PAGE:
Behind the Buachaille and at left down below is a skein of John Arbon's Voila, a lovely merino dyed a deep blue tweedy shade called North Sea. This one is also destined to become a hat, in a little collaboration later this year.  John and his wife spin a whole line of yarns at their mill in Devon, one of the remaining smaller scale operations out there. I'd gotten a few skeins of their Paint by Numbers yarn when I was in England this summer, and they are a well known producer of British fiber, so I was really happy to see ALL of their yarns in person.  They also spun up Ysolda's beautiful new Blend No. 1, which is the lovely gray skein on the right below ...


Ysolda's yarn is a soft, heathered mix of Merino, Polwarth and Zwarbles and the color is pretty much my dream gray. Light and delicate but dappled with lots of darker fibers.  I bought two skeins and was given two more by the lovely Ysolda  herself, so with over 1200 yards in hand now, I am torn between giant shawl or actual sweater.....



In the middle of those two heathered skeins is another special fiber.   This is Baskerville, by Linda of Kettle Yarns.  It's a mix of Exmoor Blueface, Gotland and Silk - and it's indigo dyed in small batches. It has a gorgeous twist to it, and although it's a silky fiber, it still has a lovely tweedy element to it. Linda says it "hails from the mysterious West County moors" which makes it even that much more awesome.   I definitely envision a shawl out of these guys.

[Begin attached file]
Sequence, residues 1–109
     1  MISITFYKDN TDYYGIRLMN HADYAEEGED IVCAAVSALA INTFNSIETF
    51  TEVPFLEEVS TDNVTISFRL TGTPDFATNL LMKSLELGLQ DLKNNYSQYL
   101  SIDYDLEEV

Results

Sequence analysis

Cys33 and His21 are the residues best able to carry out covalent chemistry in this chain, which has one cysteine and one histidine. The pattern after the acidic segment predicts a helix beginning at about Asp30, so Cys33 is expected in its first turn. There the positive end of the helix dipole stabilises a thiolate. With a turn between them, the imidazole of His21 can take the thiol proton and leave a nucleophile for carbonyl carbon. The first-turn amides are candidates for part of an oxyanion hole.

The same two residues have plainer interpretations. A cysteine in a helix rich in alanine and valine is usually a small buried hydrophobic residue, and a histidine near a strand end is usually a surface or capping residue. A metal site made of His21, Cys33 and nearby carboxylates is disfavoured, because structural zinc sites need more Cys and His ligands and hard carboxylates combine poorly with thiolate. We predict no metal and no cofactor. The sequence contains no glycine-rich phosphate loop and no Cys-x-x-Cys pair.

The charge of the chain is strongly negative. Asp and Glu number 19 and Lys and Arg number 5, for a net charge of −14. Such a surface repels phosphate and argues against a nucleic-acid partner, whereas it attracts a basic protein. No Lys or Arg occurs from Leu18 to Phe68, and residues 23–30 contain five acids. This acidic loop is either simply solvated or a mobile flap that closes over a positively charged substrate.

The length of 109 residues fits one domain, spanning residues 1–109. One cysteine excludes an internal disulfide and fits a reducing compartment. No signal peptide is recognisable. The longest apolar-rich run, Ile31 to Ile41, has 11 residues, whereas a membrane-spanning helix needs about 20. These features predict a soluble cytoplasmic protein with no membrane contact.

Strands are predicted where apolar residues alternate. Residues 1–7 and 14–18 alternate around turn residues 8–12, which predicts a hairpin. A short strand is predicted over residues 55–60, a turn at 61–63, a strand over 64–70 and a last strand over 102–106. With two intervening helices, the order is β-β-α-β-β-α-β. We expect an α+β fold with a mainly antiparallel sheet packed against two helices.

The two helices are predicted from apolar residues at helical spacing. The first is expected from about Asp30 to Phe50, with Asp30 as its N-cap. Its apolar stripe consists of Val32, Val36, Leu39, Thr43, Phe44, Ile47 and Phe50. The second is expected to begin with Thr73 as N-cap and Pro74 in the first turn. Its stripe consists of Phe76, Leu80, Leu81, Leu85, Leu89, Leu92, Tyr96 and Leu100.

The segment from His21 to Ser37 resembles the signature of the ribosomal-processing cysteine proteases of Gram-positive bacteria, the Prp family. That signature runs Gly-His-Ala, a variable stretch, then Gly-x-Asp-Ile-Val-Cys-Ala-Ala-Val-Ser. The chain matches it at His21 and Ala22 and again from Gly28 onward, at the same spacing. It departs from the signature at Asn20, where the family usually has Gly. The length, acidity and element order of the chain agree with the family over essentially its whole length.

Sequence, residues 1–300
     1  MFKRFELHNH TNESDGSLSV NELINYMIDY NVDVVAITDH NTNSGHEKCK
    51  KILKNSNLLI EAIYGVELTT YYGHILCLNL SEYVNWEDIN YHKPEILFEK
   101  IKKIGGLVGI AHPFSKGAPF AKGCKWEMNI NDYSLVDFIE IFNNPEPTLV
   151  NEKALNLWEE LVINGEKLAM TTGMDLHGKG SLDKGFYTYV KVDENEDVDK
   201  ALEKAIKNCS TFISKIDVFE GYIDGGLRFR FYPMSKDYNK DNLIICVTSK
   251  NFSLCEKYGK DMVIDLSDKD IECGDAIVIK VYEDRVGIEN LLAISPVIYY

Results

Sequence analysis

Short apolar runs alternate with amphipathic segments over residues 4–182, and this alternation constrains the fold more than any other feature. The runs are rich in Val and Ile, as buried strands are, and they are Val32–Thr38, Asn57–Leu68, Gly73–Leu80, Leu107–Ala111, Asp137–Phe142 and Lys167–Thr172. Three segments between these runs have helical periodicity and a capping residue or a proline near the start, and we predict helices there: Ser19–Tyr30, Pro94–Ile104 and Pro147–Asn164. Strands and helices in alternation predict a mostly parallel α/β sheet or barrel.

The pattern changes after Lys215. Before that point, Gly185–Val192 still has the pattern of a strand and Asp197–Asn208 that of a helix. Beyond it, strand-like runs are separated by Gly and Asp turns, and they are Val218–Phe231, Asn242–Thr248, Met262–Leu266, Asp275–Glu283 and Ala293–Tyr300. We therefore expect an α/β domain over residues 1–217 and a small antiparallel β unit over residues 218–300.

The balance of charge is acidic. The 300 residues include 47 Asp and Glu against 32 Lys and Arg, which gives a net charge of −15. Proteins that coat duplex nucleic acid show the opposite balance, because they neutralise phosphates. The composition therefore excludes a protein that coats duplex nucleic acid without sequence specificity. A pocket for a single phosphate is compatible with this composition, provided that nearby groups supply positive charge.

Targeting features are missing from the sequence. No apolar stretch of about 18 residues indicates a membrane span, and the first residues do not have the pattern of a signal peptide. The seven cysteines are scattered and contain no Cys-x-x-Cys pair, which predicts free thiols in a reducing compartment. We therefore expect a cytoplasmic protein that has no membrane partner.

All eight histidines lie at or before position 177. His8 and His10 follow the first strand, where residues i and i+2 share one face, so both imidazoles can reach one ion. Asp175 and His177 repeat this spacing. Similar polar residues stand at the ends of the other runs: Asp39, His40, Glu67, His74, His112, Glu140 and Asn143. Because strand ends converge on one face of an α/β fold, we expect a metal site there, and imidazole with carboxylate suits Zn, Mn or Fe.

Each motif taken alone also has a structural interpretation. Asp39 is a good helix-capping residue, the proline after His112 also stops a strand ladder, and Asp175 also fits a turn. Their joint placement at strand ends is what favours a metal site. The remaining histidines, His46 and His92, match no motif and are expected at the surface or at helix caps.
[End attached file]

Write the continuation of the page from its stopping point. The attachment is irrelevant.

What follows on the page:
One of my goals at the Festival was to touch some Blacker Yarns - after binge listening to the Pom Pom and Knit British podcasts prior to travel, they really were top of mind, plus it was in Sophie Scott's accent that their name had stuck in my head, so they were absolutely a proper British yarn in my mind. And again, the colors and fibers that Blacker offered didn't disappoint.  I had the hardest time choosing, but my head is full of traditional cables with this yarn, so I stayed with simple, natural grays in their Classic and Shetland Wools.  With maybe just a bit of mustard...


And last, but not least --- a skein of Eden Cottage Yarn came home with me. It was gorgeous and distracting to be in that booth, but I tried to narrow things down to one fiber.  In another British sheep variety I never see at home - Masham.  It's called Malham DK, and it's a mix of Masham and BFL - and it's sheepy with just a touch of sheen.  In Victoria's colors, so how can you go wrong?


I think I'm in a little bit of a blue-green-gray phase, but as I swatch and think about Fall, I'm excited to see how these guys will net out....    I may just skip summer knitting all together.

4 comments:

Anonymous said...

Could it be "hedder = heather? Kinda likely....

Am said...

Yes, it's definitely named after the pinky-purple heather flowers that cover the hills in August.

If you can find the white variety, they're considered good luck!

Amy Calkins said...

It sounds amazing and your haul is gorgeous! I am so hoping to be able to go next year.

gale (she shoots sheep shots) said...

Lov ethis description of reality meeting fantasy . And the yarn! I would have been frozen in indecision.Looking forward to seeing what you do with it all.